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Nigerian Asset Management Corporation, AMCON Sues Interior Minister, Aregbesola’s Aide Over N167Million Debt

Adeyinka was a banker with Intercontinental Bank Plc (acquired by Access Bank Plc) but is now a politician with residential addresses in Lagos, Osogbo and Abuja.

The Asset Management Corporation of Nigeria (AMCON) has filed a debt recovery suit against Ademola Adeyinka, the Senior Special Adviser to the Minister of Interior, Rauf Aregbesola.

According to a statement of claim supported with a statement on oath by AMCON’s supervisor, David George, and filed before a Federal High Court in Lagos by Oluwole Olukole, an Ibadan-based lawyer, Adeyinka allegedly owes N167,242,515.22, The Punch reports.


AMCON is a corporation established by the Asset Management Corporation of Nigeria Act 2010 (as amended) and duly empowered for the purpose of acquiring eligible bank assets from Eligible Financial Institutions and efficiently resolving the Eligible Bank Assets.

Adeyinka was a banker with Intercontinental Bank Plc (acquired by Access Bank Plc) but is now a politician with residential addresses in Lagos, Osogbo and Abuja.

AMCON said the defendant at all material times was a customer of the erstwhile Intercontinental Bank Plc and operated accounts with the bank at their Plot 999C Danmole Street, Victoria Island branch in Lagos.

AMCON averred that the defendant sometime in 2008 applied for and was granted a credit facility for N50 million only to purchase shares of blue-chip companies quoted on the stock exchange acceptable to the bank.

It said that the facility was to be paid back within 270 days and repayment was to come from operational cash flow but not limited to the sale of the shares.
The claimant averred that it disbursed the funds under the facility and that the defendant utilised the facility by issuing cheques to various relevant parties to the transaction that were honoured by the bank.

“Upon the disbursement of the facility to the defendant, the defendant rather than honour the express terms of the facilities failed and /or refused to repay the debt and kept accumulating interest,” it said.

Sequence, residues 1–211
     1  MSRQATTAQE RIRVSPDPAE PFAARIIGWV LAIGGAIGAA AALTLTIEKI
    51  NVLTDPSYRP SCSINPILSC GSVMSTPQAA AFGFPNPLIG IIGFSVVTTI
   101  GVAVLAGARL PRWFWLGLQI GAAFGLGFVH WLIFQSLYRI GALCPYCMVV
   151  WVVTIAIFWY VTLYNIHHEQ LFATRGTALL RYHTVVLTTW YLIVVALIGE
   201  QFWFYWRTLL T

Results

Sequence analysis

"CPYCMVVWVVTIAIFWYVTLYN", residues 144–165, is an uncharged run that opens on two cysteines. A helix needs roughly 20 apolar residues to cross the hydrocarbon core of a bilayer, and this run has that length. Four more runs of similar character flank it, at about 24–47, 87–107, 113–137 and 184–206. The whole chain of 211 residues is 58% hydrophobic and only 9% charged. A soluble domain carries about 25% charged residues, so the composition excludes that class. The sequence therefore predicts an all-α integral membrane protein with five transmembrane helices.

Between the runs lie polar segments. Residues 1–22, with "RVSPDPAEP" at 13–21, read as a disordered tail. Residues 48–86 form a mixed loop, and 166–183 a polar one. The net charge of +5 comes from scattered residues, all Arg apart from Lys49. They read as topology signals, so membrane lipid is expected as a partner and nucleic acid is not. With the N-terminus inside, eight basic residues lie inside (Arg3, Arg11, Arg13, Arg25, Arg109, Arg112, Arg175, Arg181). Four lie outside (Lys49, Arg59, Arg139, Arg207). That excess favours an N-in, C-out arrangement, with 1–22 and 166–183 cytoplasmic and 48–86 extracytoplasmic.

AMCON further stated that sometime in 2011, some staff members of Intercontinental Bank loyal to the senior management of the bank tried to delete and in fact deleted some computer files belonging to some customers, including that of the defendant.

Efforts to have the files of the defendant totally gone proved futile as the bank had backup files to reprint the documents they tried to delete, and retrieve the same.
“The effect of this act of sabotage was to render some files and documents of the defendant, including the offer letter illegible and not very clear,” AMCON said.

The claimant pleaded that when the facility of the defendant expired, it was not repaid by him and that it degenerated to a non-performing loan of N69,280,723.57.

It said the continuous refusal of the defendant to liquidate his indebtedness to the bank occasioned great hardship for the bank which led to AMCON taking over the non-performing facility from Intercontinental Bank Plc.

Pursuant to its powers under the AMCON Act 2010 (as amended), the claimant said it purchased the defendant’s outstanding indebtedness arising from the facility granted her by Intercontinental Bank Plc.

Consequently, all rights including but not limited to the right to institute an action in respect of any indebtedness were assigned to the claimant by the bank.

The claimant contended that the defendant has failed and/ or refused to settle the outstanding indebtedness to date despite repeated demands.

It added that the indebtedness has continued to grow at an interest rate of 15% per annum and would continue to grow until full liquidation of the outstanding indebtedness.
The claimant said it has incurred various substantial costs in its efforts to recover the indebtedness of the defendant by engagement and/or payment of various professional services/fees including but not limited to the institution of this action.

The claimant stated that the defendant has numerous accounts with other banks where he has money standing to his credit and that he also has millions of shares standing to his credit at the Central Securities Clearing System Plc.

The claimant’s claims against the defendant are for the payment of the sum of N167,242,515.22 being the outstanding balance as of 29th September 2020 of the credit facility granted by Intercontinental Bank Plc to the defendant (which debt was purchased by the Claimant) but which the defendant has refused to pay despite repeated demands.

Meanwhile, the court has adjourned till after vacation for the report of service.